Rémy BEUGNON

ContactRémy Beugnon

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website: https://remybeugnon.netlify.app

Twitter: @BeugnonRemy

 

My research

My interest is to understand ecosystem functioning. We are losing species from all phyla in all ecosystems all around the world. However, the consequences of such loss for ecosystem functioning remain unpredictable. Understanding how species interact and how they are linked to their environment is a prerequisite to the understanding of ecosystem functioning and the consequences of species loss.

My Ph.D. was based on a tree Biodiversity Ecosystem Functioning experiment (BEF China), where I was focusing on tree-tree interaction effects on carbon cycling from forest productivity to soil carbon storage through its effects on microbial community and litter decomposition. I am doing this work as part of the TreeDì doctoral school which is aiming to understand tree – tree interactions in Chinese subtropical forest within the BEF China platform.

Following the latest results of my thesis, my current project SoilDivTemp is aiming to understand how vegetation diversity is modulating temperature and the consequences for soil functions at the global scale.

 

My project in Bioflux

The SoilDivTemp project aims to quantify and understand the vegetation diversity buffering of soil temperature fluctuations. This project is based on the international SoilTemp consortium compiling soil temperature measurements from around the world, biomes and ecosystems.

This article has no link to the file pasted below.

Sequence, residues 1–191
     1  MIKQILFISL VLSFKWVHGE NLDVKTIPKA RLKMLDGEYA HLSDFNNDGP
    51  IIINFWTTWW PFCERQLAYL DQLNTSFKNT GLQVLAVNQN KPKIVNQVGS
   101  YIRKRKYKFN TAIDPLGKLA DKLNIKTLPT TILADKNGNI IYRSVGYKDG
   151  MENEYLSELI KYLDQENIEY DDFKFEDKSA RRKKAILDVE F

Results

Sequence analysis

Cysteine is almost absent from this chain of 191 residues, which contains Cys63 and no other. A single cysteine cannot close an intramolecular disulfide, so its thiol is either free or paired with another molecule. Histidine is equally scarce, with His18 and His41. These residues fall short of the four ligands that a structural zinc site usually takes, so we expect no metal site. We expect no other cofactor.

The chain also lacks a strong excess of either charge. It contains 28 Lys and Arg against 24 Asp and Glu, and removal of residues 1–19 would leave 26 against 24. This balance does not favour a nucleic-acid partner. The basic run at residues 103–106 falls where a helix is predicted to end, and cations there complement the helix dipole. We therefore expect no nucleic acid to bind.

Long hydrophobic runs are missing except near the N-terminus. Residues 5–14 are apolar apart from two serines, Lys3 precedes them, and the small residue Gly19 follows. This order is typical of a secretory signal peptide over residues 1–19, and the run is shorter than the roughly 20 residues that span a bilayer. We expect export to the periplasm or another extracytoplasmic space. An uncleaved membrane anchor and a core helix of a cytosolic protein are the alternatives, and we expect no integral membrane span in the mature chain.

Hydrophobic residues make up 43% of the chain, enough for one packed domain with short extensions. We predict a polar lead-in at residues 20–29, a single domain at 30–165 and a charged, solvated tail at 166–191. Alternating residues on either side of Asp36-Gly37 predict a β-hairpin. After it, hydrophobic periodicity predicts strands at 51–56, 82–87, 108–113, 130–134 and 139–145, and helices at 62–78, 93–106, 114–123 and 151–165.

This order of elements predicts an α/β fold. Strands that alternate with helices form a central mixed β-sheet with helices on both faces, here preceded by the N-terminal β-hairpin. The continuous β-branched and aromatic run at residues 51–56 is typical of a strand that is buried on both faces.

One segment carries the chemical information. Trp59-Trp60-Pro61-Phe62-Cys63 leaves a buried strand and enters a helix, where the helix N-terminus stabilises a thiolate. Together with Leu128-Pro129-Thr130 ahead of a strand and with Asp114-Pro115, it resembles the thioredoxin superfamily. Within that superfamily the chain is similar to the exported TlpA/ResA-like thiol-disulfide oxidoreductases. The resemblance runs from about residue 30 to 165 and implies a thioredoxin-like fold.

Abstract

The frequency and intensity of extreme climatic events, such as heatwaves and droughts, are increasing with global warming, threatening humanity and other life on Earth. For example, belowground communities and functions are highly sensitive to changes in microclimatic conditions (e.g., temperature and humidity, Gottschall et al., 2019; Cesarz et al., 2020). Yet, vegetation has shown its potential to mitigate external macroclimatic fluctuations by means of buffering processes, assuring smooth transitions between macro- and microclimatic conditions (de Frenne et al., 2019, 2021). Moreover, higher vegetation diversity has been shown to increase primary productivity and the length of the vegetation period (Huang et al., 2017, 2018; Sapijanskas et al., 2014). Therefore, vegetation diversity is expected to increase the macroclimate buffering effect and thus protect belowground communities and functions from dramatic external climatic changes (Gottschall et al., 2019). Here, we propose to quantify the effect of vegetation cover on climatic buffering across ecosystems and seasons using the SoilTemp database and remote-sensing measurements (e.g., NDVI, spectral diversity) as proxies of vegetation diversity. In addition, we propose to quantify the effect of vegetation diversity on climatic buffering across ecosystems across the globe using the SoilTemp database and associated vegetation surveys. In particular, we here aim to understand the mechanisms behind climate buffering of vegetation diversity by investigating the roles of primary productivity and vegetations' spatial and temporal complementarity.